Re : Cornering the causes of aging

From: Joao Pedro de Magalhaes (
Date: Mon Jul 10 2000 - 08:44:01 MDT


>>2) Introducing foreign genes in adults need not be any more difficult
>> than catching a cold or tuberculosis.
>Jeez, I dunno. Bio-vector precise genetic information into *all the
>different tissues* of the soma? Trillions of cells?
>Of course, I hope you're right. :)

Me too, but I don't think it's that easy. Do you know of any virus capable
of infecting all human tissues? Perhaps using stem cells you can simplify
the process, but even so it appears much more complicated than germinal gene

>As for aging, it seems to me it's always a negative, it's just not negative
>enough for evolution to change.

Not all the time. Many species appear to show adaptive aging phenotypes.
Examples: salmon (the carcasses increase the organic content of the water
near the offspring leading to the appearence of preys for the offspring),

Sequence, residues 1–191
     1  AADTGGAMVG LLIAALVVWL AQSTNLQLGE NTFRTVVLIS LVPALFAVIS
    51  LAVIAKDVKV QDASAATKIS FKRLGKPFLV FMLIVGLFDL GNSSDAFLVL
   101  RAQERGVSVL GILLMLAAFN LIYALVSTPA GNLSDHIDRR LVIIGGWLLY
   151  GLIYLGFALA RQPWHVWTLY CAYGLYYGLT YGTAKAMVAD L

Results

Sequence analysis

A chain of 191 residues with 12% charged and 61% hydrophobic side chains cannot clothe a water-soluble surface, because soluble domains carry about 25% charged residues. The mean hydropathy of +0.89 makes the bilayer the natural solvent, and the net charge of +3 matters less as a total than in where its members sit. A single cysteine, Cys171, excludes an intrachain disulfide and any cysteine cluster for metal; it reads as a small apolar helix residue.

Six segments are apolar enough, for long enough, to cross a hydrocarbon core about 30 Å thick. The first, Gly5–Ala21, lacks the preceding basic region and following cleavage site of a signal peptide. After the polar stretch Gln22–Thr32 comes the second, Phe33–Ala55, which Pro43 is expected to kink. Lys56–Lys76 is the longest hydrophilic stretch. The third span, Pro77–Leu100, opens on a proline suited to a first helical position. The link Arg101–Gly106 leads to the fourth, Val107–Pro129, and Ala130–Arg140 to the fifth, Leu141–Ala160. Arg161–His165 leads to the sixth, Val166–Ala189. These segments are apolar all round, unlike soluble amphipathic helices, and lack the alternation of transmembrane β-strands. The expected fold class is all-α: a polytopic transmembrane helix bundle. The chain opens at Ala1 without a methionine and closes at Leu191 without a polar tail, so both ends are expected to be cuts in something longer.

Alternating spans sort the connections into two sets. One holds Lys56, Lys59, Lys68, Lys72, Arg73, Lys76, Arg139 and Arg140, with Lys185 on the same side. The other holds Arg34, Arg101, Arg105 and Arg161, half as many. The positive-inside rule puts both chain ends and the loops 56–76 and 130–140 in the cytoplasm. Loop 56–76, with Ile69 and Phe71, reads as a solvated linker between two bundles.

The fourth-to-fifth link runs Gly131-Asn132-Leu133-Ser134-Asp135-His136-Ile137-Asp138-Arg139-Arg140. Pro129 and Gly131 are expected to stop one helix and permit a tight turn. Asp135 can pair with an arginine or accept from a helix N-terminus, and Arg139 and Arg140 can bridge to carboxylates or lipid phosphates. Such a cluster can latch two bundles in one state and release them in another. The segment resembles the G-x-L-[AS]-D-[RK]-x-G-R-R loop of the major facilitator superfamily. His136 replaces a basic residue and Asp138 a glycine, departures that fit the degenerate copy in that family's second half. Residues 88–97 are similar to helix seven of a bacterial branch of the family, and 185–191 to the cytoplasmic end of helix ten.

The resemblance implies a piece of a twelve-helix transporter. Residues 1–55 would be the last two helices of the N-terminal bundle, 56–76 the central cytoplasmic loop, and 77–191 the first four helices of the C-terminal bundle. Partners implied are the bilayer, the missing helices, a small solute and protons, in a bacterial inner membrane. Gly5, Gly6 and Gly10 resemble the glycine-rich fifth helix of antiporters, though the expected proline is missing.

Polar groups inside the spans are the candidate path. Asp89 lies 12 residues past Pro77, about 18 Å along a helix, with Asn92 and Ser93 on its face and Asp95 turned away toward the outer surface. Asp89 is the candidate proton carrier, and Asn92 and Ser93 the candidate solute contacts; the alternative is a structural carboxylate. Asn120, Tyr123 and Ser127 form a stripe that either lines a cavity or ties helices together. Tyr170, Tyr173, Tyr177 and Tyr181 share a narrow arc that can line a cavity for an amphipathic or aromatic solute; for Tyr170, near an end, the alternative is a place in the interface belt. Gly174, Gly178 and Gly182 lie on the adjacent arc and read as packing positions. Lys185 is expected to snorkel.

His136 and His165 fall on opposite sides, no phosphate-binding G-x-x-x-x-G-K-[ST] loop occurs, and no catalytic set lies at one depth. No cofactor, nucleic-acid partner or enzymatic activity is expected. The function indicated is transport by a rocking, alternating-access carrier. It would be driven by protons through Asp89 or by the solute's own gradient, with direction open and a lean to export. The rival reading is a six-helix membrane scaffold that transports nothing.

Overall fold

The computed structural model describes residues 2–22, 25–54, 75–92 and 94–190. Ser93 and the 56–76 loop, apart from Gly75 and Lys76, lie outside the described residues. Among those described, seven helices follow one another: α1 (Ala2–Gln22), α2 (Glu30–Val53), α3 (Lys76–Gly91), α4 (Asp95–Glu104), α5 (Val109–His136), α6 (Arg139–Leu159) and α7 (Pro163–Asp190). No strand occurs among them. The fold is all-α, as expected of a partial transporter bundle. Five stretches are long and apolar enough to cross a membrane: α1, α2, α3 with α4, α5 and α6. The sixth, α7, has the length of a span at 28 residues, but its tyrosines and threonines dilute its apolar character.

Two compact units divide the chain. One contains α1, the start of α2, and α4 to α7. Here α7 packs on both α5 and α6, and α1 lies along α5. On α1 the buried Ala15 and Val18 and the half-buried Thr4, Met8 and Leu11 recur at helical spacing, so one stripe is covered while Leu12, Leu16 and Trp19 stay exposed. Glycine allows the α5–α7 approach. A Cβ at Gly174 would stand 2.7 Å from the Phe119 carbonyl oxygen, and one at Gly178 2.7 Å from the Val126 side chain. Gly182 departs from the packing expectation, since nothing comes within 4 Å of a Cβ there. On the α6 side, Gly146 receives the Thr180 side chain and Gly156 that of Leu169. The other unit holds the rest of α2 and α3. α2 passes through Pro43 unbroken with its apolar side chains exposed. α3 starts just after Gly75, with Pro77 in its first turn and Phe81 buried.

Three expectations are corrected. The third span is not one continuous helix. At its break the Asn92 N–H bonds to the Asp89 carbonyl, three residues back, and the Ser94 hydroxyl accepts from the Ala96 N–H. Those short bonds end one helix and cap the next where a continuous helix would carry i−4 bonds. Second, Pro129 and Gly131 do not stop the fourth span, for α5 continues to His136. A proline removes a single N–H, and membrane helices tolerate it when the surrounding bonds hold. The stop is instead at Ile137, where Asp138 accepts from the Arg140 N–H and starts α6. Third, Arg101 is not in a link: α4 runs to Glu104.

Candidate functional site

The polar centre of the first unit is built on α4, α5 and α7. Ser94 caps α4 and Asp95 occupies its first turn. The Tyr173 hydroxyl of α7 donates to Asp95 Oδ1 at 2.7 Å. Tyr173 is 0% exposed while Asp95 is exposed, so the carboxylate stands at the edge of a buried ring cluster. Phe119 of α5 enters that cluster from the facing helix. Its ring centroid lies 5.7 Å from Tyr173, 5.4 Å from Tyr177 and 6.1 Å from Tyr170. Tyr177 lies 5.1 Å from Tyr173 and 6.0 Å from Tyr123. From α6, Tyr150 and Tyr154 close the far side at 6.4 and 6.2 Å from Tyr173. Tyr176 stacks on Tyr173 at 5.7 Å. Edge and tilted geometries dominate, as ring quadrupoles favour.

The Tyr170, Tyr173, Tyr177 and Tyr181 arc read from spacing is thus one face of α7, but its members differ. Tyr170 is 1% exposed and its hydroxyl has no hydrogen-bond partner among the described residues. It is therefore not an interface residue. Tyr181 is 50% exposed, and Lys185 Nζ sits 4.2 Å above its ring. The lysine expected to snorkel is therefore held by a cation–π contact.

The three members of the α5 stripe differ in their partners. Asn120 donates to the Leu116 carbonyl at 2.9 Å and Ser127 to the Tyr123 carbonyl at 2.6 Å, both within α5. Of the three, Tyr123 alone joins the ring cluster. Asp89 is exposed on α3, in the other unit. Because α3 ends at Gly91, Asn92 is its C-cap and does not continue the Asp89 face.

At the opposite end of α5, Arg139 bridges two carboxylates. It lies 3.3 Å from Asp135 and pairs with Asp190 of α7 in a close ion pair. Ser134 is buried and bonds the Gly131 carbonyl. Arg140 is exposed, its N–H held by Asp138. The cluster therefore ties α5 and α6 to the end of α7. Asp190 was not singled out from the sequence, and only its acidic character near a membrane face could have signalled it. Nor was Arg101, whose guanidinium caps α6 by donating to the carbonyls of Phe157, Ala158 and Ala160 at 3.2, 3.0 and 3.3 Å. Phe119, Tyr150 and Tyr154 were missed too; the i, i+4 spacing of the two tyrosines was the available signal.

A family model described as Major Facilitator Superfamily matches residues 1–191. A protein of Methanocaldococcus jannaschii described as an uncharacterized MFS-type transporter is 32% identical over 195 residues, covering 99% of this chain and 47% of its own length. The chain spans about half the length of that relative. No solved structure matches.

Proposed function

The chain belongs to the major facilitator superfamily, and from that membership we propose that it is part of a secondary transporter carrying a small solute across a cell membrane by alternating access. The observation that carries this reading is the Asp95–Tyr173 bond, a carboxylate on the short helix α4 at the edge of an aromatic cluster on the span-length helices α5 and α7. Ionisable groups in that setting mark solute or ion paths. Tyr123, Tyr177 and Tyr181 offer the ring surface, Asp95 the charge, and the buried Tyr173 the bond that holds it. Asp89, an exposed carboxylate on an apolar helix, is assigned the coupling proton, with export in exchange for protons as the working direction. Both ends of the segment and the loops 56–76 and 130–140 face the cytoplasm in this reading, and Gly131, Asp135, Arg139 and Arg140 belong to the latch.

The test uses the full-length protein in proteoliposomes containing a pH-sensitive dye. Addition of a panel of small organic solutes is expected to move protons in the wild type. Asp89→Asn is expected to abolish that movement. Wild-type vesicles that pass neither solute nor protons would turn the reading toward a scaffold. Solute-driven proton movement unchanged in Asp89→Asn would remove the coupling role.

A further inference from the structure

certain moths (in which old moths mimic the young one's movements in order
to be eaten instead), certain spiders (that are actually eaten by the
offspring), and probably a few more reported cases I don't remember right

>To balance this, the non-aging organism has to produce ever increasing numbers
>of offspring as it gets older (to maintain the fraction of longevity
>enhancing genes in the gene pool). [Trees, sturgeon & lobsters for
>example produce more seeds/eggs as the grow older and get larger.]

If you look at amphibians and reptilians with undetermined growth (not all
species, but a good proportion), you see that females often show increased
oocyte stocks as they age (and therefore fecundity). So it's not that
difficult to have non-aging organisms.

>Stealing and applying old designs is easy, new designs may be very
>very difficult. Ask our rocket scientists...

Although not in the same context, that's why I keep saying that reptilians
and amphibians might know the secret of immortality!

Best wishes.

Joao Pedro de Magalhaes
The University of Namur (FUNDP)
Unit of Cellular Biochemistry & Biology
Rue de Bruxelles, 61
B-5000 Namur BELGIUM

Fax: + 32 81 724135
Phone: + 32 81 724133
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